London equations

Introduction to London Equations

London equations are a set of differential equations that describe the motion of superconducting electrons in a superconductor. They were introduced by Fritz London and his brother Heinz London in 1935. These equations are used to elucidate the macroscopic properties of superconductors. They provide insight into the fundamental processes that take place in a superconductor, including the expulsion of magnetic fields and the perfect conductivity of the material.

The London equations are essential for understanding the properties of superconductors, especially the Meissner effect. The Meissner effect is the expulsion of magnetic fields from a superconductor as it transitions to a superconducting state. In other words, a superconductor is a perfect diamagnet. The London equations explain this effect by describing how the superconducting electrons screen the magnetic field from the interior of the material. These equations remain a cornerstone of the theory of superconductivity even today.

Derivation of London Equations

The London equations are derived from the Ginzburg-Landau theory of superconductivity. This theory describes the behavior of the superconducting wave function, which is a complex function that characterizes the state of the superconductor. The Ginzburg-Landau theory predicts that the superconducting wave function is a constant inside the superconductor and decays exponentially outside the material. This means that there is no electric field inside the superconductor and a perfect diamagnetism is expected.

The London equations are a direct result of the Ginzburg-Landau theory. They describe the motion of the superconducting electrons in terms of the vector potential of the magnetic field. They show that the superconducting electrons respond to the magnetic field by generating a current that flows parallel to the direction of the magnetic field. This current, called the London current, screens the magnetic field from the interior of the superconductor.

Applications of London Equations

The London equations have numerous applications in superconductivity research. They are used to model the behavior of superconductors under various conditions, including the presence of magnetic fields, temperature changes, and current flow. They are also used to design superconducting devices, such as superconducting magnets, superconducting microwave filters, and superconducting quantum interference devices.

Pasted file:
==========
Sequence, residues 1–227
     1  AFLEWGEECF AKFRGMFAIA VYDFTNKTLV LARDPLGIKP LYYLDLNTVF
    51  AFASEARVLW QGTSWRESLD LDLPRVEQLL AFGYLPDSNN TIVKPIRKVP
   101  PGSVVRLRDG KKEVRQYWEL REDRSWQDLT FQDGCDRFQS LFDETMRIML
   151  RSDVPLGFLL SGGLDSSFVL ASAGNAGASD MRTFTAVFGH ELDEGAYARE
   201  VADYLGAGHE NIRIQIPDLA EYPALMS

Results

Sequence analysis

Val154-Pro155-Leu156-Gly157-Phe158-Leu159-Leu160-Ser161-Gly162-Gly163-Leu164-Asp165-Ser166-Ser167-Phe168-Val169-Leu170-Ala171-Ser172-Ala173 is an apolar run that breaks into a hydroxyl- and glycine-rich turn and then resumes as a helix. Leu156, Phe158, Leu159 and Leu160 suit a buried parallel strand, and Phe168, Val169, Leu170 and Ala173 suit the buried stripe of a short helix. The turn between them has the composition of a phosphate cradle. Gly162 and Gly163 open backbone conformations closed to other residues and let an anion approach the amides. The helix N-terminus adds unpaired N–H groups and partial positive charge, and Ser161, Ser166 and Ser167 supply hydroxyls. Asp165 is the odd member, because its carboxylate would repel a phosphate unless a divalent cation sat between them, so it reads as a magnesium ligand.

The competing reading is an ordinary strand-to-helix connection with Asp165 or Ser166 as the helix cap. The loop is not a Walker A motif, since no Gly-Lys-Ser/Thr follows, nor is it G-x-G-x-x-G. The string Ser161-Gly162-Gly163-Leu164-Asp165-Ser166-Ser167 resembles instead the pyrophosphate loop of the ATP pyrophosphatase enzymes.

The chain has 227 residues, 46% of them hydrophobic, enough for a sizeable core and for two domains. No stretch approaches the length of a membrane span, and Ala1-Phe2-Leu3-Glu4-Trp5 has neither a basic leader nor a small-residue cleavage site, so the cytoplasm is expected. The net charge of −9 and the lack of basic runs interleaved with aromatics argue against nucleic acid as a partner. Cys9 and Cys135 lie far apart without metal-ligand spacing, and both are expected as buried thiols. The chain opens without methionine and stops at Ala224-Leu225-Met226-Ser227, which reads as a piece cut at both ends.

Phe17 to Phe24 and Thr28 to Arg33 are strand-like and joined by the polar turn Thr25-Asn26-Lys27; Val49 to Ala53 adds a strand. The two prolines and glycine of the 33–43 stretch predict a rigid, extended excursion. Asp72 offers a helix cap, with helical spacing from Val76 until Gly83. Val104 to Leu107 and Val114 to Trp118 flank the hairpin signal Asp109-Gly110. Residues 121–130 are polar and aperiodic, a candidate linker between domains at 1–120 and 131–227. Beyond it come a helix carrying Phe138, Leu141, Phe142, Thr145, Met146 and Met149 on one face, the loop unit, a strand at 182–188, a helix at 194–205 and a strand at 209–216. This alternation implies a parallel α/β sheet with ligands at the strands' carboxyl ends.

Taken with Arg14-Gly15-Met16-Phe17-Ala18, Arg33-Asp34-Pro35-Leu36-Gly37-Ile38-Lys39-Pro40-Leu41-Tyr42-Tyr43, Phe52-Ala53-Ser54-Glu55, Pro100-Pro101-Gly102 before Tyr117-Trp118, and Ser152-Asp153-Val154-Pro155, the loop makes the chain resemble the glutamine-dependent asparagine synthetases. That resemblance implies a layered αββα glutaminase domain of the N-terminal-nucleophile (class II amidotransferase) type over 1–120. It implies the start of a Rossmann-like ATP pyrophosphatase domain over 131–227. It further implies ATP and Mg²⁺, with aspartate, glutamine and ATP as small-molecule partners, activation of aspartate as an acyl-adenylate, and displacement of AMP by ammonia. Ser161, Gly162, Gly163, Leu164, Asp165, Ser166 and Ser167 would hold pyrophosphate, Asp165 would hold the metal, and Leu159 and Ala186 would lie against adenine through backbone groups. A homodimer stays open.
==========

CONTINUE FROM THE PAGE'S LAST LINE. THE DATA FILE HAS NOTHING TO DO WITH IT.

Moreover, the London equations provide a foundation for the understanding of the Josephson effect, which is a phenomenon observed in superconducting junctions. The Josephson effect is the flow of an electrical current across a non-conducting barrier between two superconductors without any voltage applied. The London equations describe the behavior of the superconducting electrons in the junction and provide a theoretical framework for the Josephson effect.

Example of London Equations in Superconductivity

One example of the application of the London equations is in the design of superconducting magnets. Superconducting magnets are used in many applications, including particle accelerators, magnetic resonance imaging (MRI) machines, and nuclear magnetic resonance (NMR) spectrometers. The London equations are used to calculate the critical current density of the superconductor, which is the maximum amount of electrical current that can flow through the material without losing its superconducting properties.

The critical current density is an important parameter in the design of superconducting magnets, as it determines the maximum magnetic field that can be generated by the magnet. The London equations show that the critical current density is proportional to the strength of the magnetic field and inversely proportional to the temperature of the superconductor. This means that higher magnetic fields and lower temperatures lead to higher critical current densities, which allows for the design of superconducting magnets with stronger magnetic fields.